In the current study, children were fed based on the available foods. For example, about 70% of the mothers indicated that they fed their children on available foods, 20% fed their children based on their perceived feeding needs while 10% did not respond to the question. This showed a lack of knowledge on the feeding requirements of their children. Mothers who had attained higher levels of education had a higher likelihood of providing the best feeding management for their children. When asked to indicate which foods pre-school children should eat, majority (80%) of the mothers indicated that they did not know while 20% stated that they knew the right food. When the 20% were probed further, only 8% were able to report the correct foods that pre-school children require (i.e. largely protein foods) while 12% said they require carbohydrates. This was worrying since it is a pointer that some of the mothers in such rural settings had very little knowledge on the right food for pre-school children.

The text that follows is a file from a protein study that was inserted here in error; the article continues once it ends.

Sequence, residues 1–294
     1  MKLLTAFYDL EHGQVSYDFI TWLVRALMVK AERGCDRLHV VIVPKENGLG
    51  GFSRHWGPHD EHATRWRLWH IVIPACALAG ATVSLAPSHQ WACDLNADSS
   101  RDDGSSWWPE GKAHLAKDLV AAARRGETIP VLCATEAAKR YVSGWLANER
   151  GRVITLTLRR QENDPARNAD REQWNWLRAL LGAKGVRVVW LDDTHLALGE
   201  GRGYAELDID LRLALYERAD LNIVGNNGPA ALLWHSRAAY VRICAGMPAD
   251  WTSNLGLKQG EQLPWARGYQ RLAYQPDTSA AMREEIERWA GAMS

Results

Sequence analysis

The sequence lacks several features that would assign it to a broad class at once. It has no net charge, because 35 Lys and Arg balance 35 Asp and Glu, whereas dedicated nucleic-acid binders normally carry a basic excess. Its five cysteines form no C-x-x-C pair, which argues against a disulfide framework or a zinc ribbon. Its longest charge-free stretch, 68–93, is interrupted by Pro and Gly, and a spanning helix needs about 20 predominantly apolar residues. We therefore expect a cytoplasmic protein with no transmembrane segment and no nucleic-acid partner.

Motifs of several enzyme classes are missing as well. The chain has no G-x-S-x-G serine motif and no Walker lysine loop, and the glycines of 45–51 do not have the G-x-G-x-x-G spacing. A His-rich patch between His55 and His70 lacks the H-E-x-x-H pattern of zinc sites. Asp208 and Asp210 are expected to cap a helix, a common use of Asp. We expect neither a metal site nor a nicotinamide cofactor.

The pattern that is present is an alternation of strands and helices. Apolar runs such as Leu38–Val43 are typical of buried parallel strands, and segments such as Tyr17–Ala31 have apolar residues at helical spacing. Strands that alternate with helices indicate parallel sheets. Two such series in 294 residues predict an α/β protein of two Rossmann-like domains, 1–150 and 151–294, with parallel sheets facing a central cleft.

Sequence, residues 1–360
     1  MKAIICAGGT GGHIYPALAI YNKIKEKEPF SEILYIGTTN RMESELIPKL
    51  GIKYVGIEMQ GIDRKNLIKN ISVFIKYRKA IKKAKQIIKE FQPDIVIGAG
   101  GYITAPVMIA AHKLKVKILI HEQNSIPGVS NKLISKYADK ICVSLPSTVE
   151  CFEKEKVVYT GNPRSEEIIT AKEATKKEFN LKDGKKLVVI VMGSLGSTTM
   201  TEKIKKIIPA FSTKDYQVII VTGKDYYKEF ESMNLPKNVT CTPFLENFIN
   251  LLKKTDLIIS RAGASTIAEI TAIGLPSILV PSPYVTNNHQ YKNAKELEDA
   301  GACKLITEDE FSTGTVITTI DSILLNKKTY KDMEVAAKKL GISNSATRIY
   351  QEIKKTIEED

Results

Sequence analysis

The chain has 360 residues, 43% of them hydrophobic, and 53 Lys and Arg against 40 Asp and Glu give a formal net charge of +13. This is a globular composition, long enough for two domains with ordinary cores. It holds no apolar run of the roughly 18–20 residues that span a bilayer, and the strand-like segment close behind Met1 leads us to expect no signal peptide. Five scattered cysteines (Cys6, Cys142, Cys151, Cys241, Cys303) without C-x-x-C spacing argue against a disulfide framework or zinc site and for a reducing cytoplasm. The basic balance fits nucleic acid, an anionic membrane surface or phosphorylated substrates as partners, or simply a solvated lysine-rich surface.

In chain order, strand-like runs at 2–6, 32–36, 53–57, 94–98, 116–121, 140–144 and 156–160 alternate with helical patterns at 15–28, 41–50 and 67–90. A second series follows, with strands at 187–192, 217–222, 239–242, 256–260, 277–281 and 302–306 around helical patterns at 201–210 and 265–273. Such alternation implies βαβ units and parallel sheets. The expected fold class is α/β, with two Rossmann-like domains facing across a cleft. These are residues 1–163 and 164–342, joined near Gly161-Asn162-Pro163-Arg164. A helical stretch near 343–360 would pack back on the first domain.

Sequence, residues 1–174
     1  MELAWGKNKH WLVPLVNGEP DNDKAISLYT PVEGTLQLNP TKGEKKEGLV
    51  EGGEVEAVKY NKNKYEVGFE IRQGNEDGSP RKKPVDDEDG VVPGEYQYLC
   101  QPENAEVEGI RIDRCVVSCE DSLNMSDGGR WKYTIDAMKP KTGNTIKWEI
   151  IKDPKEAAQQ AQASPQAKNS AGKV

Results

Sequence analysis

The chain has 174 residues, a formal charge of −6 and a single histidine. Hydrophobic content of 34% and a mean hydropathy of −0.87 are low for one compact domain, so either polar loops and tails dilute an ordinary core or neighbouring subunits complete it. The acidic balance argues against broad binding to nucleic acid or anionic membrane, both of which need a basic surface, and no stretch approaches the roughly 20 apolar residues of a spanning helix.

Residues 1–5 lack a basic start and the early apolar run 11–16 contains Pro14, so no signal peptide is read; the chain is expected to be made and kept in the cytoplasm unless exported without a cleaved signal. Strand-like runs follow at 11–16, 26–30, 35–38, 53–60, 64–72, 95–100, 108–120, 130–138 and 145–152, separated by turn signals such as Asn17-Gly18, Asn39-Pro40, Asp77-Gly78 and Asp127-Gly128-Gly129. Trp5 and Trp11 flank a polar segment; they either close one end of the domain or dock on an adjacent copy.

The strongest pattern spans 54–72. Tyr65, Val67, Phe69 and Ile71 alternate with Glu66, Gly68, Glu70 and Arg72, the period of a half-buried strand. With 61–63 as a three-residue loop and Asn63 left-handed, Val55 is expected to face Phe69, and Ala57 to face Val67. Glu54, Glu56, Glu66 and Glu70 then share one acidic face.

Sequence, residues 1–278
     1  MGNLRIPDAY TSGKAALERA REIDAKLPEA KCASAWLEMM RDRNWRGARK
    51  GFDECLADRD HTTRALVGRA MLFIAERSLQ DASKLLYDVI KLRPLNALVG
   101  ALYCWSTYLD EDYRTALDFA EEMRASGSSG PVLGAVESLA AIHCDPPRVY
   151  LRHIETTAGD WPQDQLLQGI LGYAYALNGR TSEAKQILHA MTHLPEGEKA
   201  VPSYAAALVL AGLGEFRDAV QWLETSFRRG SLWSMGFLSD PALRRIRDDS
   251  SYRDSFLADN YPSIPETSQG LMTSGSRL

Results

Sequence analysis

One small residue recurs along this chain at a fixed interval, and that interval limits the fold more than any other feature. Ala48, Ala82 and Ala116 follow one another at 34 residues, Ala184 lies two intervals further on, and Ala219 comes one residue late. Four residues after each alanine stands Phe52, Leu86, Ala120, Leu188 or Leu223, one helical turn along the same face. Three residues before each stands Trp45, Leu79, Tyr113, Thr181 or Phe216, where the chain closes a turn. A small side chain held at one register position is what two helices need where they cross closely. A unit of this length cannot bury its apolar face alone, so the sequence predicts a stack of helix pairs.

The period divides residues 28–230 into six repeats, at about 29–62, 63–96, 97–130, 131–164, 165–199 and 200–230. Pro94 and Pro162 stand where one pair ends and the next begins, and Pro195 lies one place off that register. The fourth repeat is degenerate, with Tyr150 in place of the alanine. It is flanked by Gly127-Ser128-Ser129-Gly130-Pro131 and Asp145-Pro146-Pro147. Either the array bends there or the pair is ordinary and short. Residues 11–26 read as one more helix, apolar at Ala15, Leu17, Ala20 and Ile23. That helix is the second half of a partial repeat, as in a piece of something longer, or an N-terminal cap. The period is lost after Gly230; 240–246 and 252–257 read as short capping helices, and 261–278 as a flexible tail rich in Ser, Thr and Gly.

In terms of the order of serving food in the household, a low proportion of mothers served their husbands first during meal times. This is contrary to what is usually expected (i.e. in traditional Luo community, most women served their husbands as family heads prior to serving anyone else, probably to symbolize respect for the family head). However, some mothers felt that children should be served first. Reasons provided for serving the children first included the fact that the pre-school children needed more nutrients than anybody else within the family. Some of the respondents stated that: “They feel hungry faster than the rest”. This statement revealed that mothers were aware of the need to feed or give their children more attention or preference during meal time. It also indicated that the respondents had knowledge about the need to feed children constantly as they felt hungry faster than adults. Others correspondents provided other reasons by further stating that: “The child is stubborn during meal times, so to avoid that, I have to give or serve him first”. An additional scrutiny of the responses given by the mothers confirmed that although the children were served first, the food was not given on the basis of the nutritional needs of the child but availability. These findings suggest that the traditional norm of giving men priority in serving meals was quickly shifting to children.